Longtime ‘Light’ board member brings rocket scientist skills to the table


Bill Motchan, Special to the Jewish Light

Talented, dedicated volunteers are worth their weight in gold. That’s especially true of Jeffry Golden, who has worked behind the scenes on the St. Louis Jewish Light’s Board of Trustees for a decade, sharing his business and financial expertise. He also has helped the organization navigate the choppy waters of new media.

“When Jeffry joined the board, he really shored things up and gave people more confidence,” said Laura Silver, the immediate past president of the Jewish Light Board of Trustees. “He was also a real proponent for expanding our digital presence early on. But he is really humble and quiet. He’s very easy to overlook because he’s not a braggart. He literally just picks up the pieces and puts everything back into place.”

To effectively govern a nonprofit organization, a board needs to tap into the skills of its volunteers. Silver said the Jewish Light was fortunate to benefit from Golden’s unique background.

“He had a lot to offer in terms of the skills that we needed,” Silver said. “He had board experience, and we really put it to use. He’s a detail-oriented guy. So he’s really been able to do a lot of that detail work with bylaws and with our mailing audits. He put a lot of work into our processes and procedures. He is a behind-the-scenes expert, a quiet person who just gets a lot of things done without fanfare but it’s really important stuff.”

Steve Gallant, also a Light past-president, echoed Silver’s assessment of Golden.

“He is the most selfless individual I have ever met,” Gallant said. “Without Jeff, we wouldn’t be where we are from a governance standpoint. He has organizational acumen. He has attention to detail and a willingness to dive into things that others would find uninteresting, arcane or boring. That is what has allowed the organization the freedom to do the things that it has done.”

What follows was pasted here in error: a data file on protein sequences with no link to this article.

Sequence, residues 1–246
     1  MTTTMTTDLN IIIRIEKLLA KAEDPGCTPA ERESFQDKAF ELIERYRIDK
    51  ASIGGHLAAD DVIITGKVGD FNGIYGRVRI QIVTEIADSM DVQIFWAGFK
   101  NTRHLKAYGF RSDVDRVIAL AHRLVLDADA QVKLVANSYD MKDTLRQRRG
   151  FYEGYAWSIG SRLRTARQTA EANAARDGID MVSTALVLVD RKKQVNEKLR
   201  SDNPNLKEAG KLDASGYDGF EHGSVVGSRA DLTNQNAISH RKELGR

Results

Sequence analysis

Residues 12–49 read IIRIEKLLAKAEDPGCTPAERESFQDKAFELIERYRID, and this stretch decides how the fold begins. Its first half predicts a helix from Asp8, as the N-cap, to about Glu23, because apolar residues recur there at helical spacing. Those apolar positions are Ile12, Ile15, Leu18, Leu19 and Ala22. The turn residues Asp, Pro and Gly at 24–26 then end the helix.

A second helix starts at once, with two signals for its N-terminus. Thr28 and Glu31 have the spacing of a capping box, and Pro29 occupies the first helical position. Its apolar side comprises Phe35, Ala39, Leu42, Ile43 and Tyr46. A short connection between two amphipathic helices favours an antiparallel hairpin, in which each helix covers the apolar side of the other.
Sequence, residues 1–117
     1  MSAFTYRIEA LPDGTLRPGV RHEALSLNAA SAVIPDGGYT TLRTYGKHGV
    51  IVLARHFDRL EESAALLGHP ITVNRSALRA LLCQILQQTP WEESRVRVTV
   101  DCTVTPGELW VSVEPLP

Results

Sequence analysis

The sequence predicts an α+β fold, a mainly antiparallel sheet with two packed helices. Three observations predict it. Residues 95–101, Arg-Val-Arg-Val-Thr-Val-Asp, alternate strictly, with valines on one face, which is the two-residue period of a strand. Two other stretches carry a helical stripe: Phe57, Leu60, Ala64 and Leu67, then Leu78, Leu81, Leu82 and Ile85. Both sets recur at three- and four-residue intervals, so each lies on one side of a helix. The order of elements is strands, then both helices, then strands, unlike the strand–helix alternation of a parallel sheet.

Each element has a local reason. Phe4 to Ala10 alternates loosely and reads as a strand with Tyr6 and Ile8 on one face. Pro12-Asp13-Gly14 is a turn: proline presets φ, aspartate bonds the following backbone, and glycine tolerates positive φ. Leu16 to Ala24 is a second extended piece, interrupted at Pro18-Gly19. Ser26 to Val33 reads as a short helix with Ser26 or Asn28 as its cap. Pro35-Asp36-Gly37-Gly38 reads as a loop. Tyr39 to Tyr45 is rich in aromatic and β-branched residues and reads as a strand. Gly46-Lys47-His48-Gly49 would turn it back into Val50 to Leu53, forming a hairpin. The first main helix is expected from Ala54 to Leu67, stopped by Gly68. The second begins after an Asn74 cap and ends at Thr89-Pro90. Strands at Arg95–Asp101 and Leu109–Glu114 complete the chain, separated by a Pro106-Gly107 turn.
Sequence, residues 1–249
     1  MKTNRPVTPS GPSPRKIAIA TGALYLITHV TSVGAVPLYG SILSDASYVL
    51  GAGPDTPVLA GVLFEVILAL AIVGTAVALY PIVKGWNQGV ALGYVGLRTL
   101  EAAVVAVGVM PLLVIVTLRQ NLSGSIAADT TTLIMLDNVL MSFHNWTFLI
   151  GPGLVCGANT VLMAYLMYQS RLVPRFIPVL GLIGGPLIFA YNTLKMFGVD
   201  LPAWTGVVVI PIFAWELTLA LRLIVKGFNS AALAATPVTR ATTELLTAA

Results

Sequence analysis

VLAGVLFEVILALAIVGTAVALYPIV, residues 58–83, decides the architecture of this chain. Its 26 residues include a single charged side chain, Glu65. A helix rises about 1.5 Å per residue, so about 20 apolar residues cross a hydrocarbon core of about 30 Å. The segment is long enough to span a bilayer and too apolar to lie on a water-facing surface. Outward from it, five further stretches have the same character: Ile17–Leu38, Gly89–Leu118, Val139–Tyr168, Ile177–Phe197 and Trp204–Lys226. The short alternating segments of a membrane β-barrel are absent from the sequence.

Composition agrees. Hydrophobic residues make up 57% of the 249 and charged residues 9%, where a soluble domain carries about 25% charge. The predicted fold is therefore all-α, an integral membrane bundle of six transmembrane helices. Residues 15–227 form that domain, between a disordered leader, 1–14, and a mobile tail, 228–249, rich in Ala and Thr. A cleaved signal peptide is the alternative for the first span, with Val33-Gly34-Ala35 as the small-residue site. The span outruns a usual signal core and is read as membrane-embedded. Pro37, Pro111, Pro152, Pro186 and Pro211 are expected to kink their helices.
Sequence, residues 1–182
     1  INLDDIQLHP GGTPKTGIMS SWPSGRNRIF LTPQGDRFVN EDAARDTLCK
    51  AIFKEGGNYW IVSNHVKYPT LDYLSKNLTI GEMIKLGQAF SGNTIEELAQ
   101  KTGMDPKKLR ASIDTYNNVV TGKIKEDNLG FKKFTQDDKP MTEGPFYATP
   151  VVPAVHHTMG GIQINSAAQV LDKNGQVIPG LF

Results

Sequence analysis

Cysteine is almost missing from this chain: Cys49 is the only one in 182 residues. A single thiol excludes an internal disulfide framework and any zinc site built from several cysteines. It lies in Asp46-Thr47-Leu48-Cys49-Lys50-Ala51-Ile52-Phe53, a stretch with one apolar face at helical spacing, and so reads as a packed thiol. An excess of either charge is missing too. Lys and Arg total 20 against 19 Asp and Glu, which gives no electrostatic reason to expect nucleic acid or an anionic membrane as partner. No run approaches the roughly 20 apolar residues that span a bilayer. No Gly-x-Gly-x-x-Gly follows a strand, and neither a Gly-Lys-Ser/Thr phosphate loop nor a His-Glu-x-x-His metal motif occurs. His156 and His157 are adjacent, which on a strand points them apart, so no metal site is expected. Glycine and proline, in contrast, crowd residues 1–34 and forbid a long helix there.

Golden, who belongs to Temple Israel, is a semiretired scientist and engineer. He also has 32 years of corporate management and business experience, which has been especially useful in his volunteer board governance work. Through his career, he was responsible for the proposal and management of more than $130 million in research and development projects.

He is also quite literally a rocket scientist, with bachelor’s degrees in physics (from the University of California), aeronautics and astronautics (from M.I.T.) and a Ph.D. in plasma physics from M.I.T. In 1989, he joined Berkeley Research Associates Inc., where he directed R&D support for the Army Research Laboratory’s high-power microwave and nuclear weapons effects facilities. In 1995, he co-founded CET, a St. Louis-based defense and homeland security firm.

Golden’s volunteer board experience began when he was treasurer of the Good Government for Missouri political action committee, geared to improving social services in the state. He dove into nonprofit volunteering further when he met Lewis Chartock, who was then CEO of MERS Goodwill.

“We were having dinner, and I said it bothered me that I met folks in business who were not engaged in the community, that a lot of us have the means and life experiences and skills to get more engaged,” Golden said. “Then I got a call asking if I’d like to be on the Goodwill Industries international board.”